The UK Modern Slavery Act 2015 (the “Act”) came into effect on 29 October 2015. The Act requires any commercial organisation, including manufacturers carrying on a business or part of a business in the UK, which supplies goods and/or services and which has an annual turnover in excess of £36 million, to disclose information regarding its policies and the steps it has taken to eradicate slavery and human trafficking within its own business and from its supply chain.
This Slavery and Human Trafficking Statement (the “Statement”) is made pursuant to Section 54, Part 6 of the Act with the purpose of clearly setting out the steps the Organisation has taken to ensure that slavery and human trafficking are not taking place in the Organisation’s supply chains and/or in any part of the Organisation’s business.
The Organisation plays an active role to promote (i) a robust supply chain and (ii) supplier development and awareness through its Supplier Code of Conduct (“Code”). The Code clearly communicate the Organisation’s expectations with regards to companies the Organisation works with in the supply chain domain ("Suppliers"). Suppliers have a responsibility to adhere to the Code and to promote human rights within their own supply chains. The breadth of the Organisation’s supply chain has posed a challenge to the Organisation within the financial year 2015 – 2016 with respect to ensuring compliance by all Suppliers with the Code.
The Code makes reference to the Organisation's Corporate Social Responsibility Charter and more specifically to: ethical behaviour, anti-corruption, conflicts of interest, conditions of employment, discrimination, freedom to associate, humane treatment, child labour, working and living conditions, environment, management systems and supply chain management.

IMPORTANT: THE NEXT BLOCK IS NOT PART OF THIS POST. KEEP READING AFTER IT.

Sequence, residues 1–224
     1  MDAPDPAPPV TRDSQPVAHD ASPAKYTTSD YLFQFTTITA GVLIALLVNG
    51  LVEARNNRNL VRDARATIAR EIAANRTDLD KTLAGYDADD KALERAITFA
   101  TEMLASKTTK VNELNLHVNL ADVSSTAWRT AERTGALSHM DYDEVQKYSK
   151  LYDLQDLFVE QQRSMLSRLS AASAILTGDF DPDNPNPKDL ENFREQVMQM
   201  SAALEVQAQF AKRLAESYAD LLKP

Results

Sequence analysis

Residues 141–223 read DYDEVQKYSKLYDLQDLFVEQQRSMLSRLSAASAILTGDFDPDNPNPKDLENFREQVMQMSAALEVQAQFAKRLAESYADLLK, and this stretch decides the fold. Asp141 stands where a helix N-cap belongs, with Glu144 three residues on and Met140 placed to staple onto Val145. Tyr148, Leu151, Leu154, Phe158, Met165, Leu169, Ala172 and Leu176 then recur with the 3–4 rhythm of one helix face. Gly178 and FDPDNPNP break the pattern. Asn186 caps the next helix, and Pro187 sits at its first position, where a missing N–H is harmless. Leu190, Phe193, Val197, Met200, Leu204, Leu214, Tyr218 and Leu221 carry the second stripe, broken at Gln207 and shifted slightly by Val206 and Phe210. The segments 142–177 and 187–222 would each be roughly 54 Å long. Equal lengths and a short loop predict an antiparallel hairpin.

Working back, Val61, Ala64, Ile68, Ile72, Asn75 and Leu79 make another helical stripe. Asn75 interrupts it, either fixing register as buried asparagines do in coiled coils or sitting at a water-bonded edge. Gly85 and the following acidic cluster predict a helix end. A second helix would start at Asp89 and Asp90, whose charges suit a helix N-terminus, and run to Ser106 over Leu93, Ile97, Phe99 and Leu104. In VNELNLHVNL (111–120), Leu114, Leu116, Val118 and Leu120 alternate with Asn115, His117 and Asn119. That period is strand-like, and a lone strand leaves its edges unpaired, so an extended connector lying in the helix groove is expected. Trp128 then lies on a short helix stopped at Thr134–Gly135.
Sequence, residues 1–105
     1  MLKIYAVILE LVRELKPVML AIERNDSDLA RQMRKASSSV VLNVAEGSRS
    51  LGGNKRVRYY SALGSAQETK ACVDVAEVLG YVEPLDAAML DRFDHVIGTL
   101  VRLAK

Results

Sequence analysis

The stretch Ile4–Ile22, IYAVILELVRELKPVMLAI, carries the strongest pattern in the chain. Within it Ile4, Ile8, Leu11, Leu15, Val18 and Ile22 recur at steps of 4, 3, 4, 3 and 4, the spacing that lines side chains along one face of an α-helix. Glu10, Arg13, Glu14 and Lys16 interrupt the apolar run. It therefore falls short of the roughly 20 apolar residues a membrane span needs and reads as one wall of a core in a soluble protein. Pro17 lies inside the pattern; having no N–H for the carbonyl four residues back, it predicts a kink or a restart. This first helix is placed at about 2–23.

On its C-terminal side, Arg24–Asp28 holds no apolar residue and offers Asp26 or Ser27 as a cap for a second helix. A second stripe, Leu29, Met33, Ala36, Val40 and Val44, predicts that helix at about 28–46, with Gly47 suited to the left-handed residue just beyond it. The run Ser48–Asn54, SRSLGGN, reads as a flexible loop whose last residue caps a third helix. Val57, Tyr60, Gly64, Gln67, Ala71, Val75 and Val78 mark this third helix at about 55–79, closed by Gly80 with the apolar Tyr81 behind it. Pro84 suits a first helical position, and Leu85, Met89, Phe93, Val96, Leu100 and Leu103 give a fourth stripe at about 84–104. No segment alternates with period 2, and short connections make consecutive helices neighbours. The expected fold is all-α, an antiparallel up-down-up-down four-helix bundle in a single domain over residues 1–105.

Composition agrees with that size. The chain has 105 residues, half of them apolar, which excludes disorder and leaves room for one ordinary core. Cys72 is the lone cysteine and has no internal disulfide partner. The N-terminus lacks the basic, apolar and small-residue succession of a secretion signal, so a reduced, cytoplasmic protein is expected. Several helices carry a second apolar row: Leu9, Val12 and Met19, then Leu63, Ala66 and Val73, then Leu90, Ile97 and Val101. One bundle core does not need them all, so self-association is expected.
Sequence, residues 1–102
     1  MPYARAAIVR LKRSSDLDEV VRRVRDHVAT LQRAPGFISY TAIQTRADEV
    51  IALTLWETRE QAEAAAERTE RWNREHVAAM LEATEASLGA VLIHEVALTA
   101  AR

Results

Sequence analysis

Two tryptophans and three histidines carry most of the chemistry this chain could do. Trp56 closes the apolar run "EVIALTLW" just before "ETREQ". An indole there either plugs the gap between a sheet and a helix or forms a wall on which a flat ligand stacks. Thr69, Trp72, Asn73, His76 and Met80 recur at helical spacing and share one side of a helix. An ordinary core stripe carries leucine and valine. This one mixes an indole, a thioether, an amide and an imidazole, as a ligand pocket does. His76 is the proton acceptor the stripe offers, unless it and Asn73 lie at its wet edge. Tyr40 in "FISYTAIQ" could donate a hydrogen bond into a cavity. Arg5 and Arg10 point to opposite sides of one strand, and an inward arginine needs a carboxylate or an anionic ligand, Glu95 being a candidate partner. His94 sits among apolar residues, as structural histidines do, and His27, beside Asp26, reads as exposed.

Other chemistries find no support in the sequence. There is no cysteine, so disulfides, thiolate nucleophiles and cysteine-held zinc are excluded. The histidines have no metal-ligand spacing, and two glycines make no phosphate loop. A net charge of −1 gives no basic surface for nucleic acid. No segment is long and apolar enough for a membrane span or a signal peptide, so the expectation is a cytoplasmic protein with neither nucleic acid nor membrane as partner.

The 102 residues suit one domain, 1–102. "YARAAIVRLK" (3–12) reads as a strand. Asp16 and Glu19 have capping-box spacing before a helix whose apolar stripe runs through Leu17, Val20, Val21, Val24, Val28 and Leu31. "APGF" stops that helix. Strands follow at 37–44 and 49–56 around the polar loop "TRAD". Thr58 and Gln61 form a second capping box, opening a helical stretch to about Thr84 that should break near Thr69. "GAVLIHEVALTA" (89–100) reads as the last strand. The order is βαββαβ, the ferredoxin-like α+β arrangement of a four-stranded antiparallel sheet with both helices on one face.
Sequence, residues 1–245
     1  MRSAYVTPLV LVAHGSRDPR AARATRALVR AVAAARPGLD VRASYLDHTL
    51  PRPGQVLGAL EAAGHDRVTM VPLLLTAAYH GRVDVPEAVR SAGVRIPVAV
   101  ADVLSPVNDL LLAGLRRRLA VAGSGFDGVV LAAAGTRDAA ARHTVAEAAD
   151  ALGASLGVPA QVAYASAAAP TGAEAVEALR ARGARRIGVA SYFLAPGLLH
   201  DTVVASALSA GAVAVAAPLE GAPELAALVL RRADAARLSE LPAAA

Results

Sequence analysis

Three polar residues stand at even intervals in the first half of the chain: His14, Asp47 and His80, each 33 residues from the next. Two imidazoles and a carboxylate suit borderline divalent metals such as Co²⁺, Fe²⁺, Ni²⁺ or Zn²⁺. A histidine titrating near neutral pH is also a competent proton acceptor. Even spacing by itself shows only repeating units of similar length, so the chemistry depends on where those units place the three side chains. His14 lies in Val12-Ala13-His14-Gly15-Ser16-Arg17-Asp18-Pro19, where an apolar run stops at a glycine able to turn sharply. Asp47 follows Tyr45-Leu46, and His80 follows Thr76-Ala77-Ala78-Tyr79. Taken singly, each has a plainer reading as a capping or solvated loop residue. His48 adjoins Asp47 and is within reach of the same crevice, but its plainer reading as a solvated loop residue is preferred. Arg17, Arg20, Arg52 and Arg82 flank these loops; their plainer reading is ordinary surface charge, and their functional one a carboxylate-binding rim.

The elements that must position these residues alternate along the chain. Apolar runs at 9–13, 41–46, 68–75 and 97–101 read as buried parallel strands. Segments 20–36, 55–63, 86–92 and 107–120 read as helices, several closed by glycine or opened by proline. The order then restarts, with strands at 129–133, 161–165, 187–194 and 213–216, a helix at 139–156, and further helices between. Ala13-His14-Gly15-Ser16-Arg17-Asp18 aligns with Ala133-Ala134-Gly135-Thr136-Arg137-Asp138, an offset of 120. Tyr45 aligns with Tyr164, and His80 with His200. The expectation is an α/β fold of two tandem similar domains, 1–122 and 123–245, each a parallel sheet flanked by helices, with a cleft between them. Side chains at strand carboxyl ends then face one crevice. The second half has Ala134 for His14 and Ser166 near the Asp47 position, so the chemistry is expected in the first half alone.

In addition, the Organisation issues purchase orders to its Suppliers that incorporate the Organisation’s General Conditions of Purchase (“Terms of Purchase”). The Terms of Purchase expand on the Organisation’s expectations of Suppliers and Suppliers’ obligations in relation to specific topics. The Terms of Purchase govern the majority of purchases by the Organisation of goods and services from its Suppliers. Under the Terms of Purchase, the Organisation reserves the right to terminate its relationship with a Supplier if non-compliance with the Organisation’s Code and Terms of Purchase is discovered and/or such non-compliance is not addressed in a timely manner.
Internally, the Organisation has adopted an Employee Handbook on Business Ethics Policy (“Business Ethics Policy”) which sets out the Organisation’s ethical standards and which details and promotes the Organisation's expectations of its employees to comply with such standards. This Business Ethics Policy applies to the Organisation’s employees and operations, but the Organisation encourages businesses throughout its supply chain and sales network to adopt and enforce similar policies in their own operations.
“Slavery” can take many forms, including but not limited to, human trafficking and child labour. The Organisation’s Code and Terms of Purchase clearly state that the Organisation does not tolerate Slavery in the Organisation’s supply chain and operations. During the financial year 2015 – 2016, the Organisation was not able to conduct audits of all of its Suppliers to ensure compliance with the Code and the Terms of Purchase. The Organisation does however conduct regular internal training on ethics with all of the Organisation’s employees. Additionally, the Organisation's employees involved in supply chain activities are familiar with the Code and its principles.
Senior Management of the Organisation has approved this Statement.